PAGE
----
The Myth About Christian Business Owners


There’s a myth about Christians that even the Democratic National Committee Chairwoman is perpetuating.

It goes like this:  Christian business owners are looking to broadly discriminate against gays in their places of business and want to refuse them service at every opportunity. This is in essence what DNC Chairwoman Debbie Wasserman-Schultz told my colleague David Brody this week.

However, I have yet to meet a Christian business owner who agrees with that thinking. Moreover, the Christian business owners who have suffered the most for their beliefs on marriage have been clear in explaining that they merely want the right to decline to serve a gay wedding ceremony.

Several years ago, Denver baker Jack Phillips refused to bake a wedding cake for a gay couple.  The Colorado Civil Rights Commission has since ordered Phillips to bake gay wedding cakes for anyone who asks and to “re-educate” his staff.

Did Phillips outright refuse to serve the gay couple? No. He told me what he told them:  “I'll sell you birthday cakes, shower cakes, cookies, brownies, anything else. I just don't do cakes for same-sex weddings.”

In Washington, the state says florist Barronnelle Stutzman broke the law for refusing to serve a long-time gay customer on his wedding day.

Note: he was a long-time customer meaning that Stutzman clearly did not refuse him service over the years and that he in fact appreciated her business and felt comfortable. Otherwise, why would he have continued to patronize her?  Stutzman is now appealing to the state Supreme Court.

In Oregon, the state’s labor commissioner has ordered bakers Aaron and Melissa Klein to pay $135,000 in emotional damages to a lesbian couple whose wedding cake they refused to make. Again, the Kleins only refused to make a wedding cake and the customer was a returning customer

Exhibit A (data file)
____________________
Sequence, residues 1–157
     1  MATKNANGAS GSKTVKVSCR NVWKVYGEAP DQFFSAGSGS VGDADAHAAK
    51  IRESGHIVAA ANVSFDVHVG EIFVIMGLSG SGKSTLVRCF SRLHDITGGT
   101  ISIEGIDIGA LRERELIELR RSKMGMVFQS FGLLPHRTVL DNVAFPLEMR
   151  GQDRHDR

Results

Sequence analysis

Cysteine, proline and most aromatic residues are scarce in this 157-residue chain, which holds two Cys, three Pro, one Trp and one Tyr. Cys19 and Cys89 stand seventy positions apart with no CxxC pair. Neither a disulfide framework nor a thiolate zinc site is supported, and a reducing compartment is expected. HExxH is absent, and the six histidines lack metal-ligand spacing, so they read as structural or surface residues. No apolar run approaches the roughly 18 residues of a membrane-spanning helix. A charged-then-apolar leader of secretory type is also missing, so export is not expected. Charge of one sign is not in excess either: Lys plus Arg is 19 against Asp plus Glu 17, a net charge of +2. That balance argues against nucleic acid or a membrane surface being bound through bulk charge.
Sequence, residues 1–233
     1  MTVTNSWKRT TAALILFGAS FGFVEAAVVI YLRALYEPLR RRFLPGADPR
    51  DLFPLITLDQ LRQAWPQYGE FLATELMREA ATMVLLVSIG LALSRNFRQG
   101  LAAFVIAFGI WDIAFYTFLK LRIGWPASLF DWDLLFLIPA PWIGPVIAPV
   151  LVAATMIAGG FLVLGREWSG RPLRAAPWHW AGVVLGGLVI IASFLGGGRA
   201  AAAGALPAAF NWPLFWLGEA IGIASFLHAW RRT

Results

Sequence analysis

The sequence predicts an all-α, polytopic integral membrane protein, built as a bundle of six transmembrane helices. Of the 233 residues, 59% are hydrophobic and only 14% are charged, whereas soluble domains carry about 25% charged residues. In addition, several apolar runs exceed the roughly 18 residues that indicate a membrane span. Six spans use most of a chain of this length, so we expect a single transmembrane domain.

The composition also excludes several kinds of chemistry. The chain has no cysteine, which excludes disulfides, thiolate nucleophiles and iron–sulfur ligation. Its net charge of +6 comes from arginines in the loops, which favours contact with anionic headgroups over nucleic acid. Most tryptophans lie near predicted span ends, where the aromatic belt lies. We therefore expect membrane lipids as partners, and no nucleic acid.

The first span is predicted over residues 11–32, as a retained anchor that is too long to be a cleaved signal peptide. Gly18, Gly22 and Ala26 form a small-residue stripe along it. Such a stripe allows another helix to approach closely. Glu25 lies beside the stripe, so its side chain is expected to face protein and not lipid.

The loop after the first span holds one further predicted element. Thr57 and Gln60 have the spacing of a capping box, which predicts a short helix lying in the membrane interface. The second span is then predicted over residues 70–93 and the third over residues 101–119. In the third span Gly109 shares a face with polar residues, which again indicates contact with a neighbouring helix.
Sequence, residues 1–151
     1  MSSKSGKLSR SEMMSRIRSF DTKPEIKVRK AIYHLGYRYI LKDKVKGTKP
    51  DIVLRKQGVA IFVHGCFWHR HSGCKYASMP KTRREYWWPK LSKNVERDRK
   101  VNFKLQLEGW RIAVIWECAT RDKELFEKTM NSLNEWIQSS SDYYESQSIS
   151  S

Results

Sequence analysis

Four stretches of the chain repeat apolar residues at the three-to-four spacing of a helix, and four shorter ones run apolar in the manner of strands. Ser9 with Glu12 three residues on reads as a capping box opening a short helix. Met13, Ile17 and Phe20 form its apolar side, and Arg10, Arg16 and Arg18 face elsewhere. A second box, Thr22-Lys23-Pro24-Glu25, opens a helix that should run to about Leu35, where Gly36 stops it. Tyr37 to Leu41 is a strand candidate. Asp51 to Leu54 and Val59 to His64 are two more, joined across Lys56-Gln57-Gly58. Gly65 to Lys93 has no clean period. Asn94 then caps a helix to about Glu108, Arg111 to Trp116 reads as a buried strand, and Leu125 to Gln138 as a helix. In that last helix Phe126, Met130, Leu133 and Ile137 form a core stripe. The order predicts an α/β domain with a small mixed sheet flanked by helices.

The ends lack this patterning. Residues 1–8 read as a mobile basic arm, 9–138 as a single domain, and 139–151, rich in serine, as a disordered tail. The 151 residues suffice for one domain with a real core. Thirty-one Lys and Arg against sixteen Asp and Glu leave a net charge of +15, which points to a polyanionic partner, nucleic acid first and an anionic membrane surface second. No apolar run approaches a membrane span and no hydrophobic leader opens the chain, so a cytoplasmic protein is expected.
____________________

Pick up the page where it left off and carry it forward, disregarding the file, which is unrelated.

Perhaps there’s a way that Christians can better explain that their businesses are open to all. And perhaps there’s a way that they can better explain the First Amendment and the whole concept of conscience rights.

It wasn’t that long ago that liberals championed the rights of conscientious objectors during the Vietnam War. More recently, pro-life nurses and doctors have been allowed to opt out of participating in abortions if they work in a hospital where they’re performed.

Today, Christian wedding vendors and other business owners are simply asking for the right to follow their conscience. Non-believers and even Christians may disagree and believe they should “bake the cake.” But whether or not they agree with the belief, they should agree that conscience rights are critical. The challenge then is for the country to decide how critical those rights are and whether or not they trump sexual liberty.

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